In this near-future dystopian world, Swedish author Ninni Holmqvist’s The Unit, ‘dispensable’ people (those who are not ‘needed’ by anyone, i.e. children, and those who are childless and can no long produce children, i.e. women 50 and older; men 60 and older) enter reserve bank unit for biological material where they live comfortable, even luxurious, lives while also being subjected to ‘humane’ medical experiments and serve as organ donors for ‘needed’ people in ‘the community’ where one’s importance is gauged by one’s economic contribution to society (as if ‘society’ and ‘economy’ is a thing separate from people). The staff members at ‘The Unit’ are all disturbingly friendly and sympathetic, and life there is mundane. Until it is not. The novel’s tone is so mundane, so matter-of-fact, that you don’t at first realize how dystopian this world is.
The Unit also provides an excellent metaphor for how easily we’ve slipped into this situation where we place ‘society’ and ‘economy’ ahead of our common humanity, and are all now actively working against our own self-interests, themes I will no doubt return to.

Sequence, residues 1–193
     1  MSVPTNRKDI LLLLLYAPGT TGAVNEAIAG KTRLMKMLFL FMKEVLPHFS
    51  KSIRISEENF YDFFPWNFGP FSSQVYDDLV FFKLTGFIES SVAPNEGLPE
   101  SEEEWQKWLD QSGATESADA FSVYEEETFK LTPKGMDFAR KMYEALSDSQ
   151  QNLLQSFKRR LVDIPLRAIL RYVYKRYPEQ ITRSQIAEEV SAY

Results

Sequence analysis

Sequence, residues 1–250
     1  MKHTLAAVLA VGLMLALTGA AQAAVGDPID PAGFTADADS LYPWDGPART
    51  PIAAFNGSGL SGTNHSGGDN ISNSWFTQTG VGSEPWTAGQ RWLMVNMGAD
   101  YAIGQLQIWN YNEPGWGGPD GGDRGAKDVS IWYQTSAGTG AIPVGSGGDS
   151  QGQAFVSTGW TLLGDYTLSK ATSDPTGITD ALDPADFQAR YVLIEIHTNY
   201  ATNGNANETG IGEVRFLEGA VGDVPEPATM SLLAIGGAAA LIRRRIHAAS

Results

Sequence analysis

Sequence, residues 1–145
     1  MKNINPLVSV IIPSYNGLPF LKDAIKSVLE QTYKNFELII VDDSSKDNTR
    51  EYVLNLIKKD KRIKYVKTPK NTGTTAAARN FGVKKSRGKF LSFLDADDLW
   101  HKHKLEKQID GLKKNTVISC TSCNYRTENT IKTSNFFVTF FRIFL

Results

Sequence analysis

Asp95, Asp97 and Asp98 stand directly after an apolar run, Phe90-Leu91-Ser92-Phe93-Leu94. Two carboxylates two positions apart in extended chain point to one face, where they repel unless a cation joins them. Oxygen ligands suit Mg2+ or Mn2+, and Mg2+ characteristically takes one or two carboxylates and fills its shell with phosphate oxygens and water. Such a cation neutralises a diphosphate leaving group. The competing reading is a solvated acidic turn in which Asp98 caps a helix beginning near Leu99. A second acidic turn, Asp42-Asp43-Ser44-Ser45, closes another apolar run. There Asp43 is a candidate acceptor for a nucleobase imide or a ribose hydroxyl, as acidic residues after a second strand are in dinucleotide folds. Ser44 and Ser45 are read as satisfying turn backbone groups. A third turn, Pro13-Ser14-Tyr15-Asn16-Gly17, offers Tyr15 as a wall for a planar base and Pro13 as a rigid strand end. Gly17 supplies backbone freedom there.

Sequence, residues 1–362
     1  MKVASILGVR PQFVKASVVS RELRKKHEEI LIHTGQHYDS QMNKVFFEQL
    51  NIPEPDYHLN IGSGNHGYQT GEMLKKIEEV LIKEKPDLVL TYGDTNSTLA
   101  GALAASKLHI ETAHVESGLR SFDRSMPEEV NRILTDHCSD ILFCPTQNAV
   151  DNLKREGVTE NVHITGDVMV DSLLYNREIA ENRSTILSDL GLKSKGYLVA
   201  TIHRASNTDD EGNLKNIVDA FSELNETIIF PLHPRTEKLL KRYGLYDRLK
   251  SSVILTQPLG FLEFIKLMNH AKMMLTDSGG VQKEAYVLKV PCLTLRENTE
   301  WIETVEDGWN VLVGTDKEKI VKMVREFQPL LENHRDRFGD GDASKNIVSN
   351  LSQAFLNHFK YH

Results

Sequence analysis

From the preamble of the Declaration of Independence:
“We hold these truths to be self-evident, that ALL men are created equal, that they are endowed by their Creator with certain unalienable Rights, that among these are Life, Liberty and the pursuit of Happiness.”
The United States was founded on the highest ideals of the Enlightenment, that we the people would and could govern ourselves, with the reins of government firmly in our own hands, guaranteeing Life and Liberty, and the God-given right of every individual the opportunity to fulfill his or her potential for the good of all and the glory of the nation. That this ‘franchise’ has expanded from white men of a certain class to including virtually all is a testament that the nation was founded on the proper principles; that all are not yet included therein points to work yet to be done.
The United States is, and always was meant to be, a work in progress. It seems now that this work has stalled, and everyone has an option as to why. The Liberals will tell you that the Conservatives are to blame, while the Conservatives will point back at the Liberals. In truth, if we don’t stop demonizing each other, and don’t start talking to each other, don’t begin to treat each other with the respect and dignity that all deserve, we cannot solve our nation’s, nor our world’s, many problems.